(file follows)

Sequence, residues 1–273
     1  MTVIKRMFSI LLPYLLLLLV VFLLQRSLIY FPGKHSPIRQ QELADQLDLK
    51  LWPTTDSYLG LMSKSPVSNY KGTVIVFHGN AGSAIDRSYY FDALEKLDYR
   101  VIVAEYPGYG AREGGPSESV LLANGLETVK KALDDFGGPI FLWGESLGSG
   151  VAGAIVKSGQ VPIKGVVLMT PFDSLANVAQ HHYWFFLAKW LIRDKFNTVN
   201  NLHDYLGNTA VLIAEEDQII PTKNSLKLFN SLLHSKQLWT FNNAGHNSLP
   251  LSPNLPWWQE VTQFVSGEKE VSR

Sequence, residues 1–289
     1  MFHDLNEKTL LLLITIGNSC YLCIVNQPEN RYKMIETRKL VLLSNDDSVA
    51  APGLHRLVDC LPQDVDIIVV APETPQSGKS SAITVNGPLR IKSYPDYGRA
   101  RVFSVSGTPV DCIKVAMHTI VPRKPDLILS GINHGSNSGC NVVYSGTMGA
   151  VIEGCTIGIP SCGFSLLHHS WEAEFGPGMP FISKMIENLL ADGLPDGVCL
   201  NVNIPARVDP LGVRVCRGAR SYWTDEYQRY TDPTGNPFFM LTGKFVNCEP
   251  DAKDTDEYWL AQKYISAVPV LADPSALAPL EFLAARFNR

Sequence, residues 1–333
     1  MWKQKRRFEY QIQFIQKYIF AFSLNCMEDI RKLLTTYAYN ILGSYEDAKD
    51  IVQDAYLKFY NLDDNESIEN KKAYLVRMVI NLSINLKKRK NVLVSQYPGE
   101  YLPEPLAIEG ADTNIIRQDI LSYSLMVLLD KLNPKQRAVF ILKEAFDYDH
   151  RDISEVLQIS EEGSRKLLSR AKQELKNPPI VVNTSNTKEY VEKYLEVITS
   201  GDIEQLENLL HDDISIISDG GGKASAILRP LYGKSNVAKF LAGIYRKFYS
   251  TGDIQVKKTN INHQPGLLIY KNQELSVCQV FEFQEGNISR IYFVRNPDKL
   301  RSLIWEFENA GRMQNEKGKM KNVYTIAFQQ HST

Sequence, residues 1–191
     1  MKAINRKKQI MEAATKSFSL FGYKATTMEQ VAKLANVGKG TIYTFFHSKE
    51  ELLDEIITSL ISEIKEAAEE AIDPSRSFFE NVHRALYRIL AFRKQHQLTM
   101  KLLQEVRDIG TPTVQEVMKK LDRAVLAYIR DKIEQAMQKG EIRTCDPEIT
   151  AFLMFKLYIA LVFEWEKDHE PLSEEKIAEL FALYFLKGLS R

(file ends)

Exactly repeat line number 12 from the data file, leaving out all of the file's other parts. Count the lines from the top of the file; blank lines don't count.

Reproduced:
   151  VIEGCTIGIP SCGFSLLHHS WEAEFGPGMP FISKMIENLL ADGLPDGVCL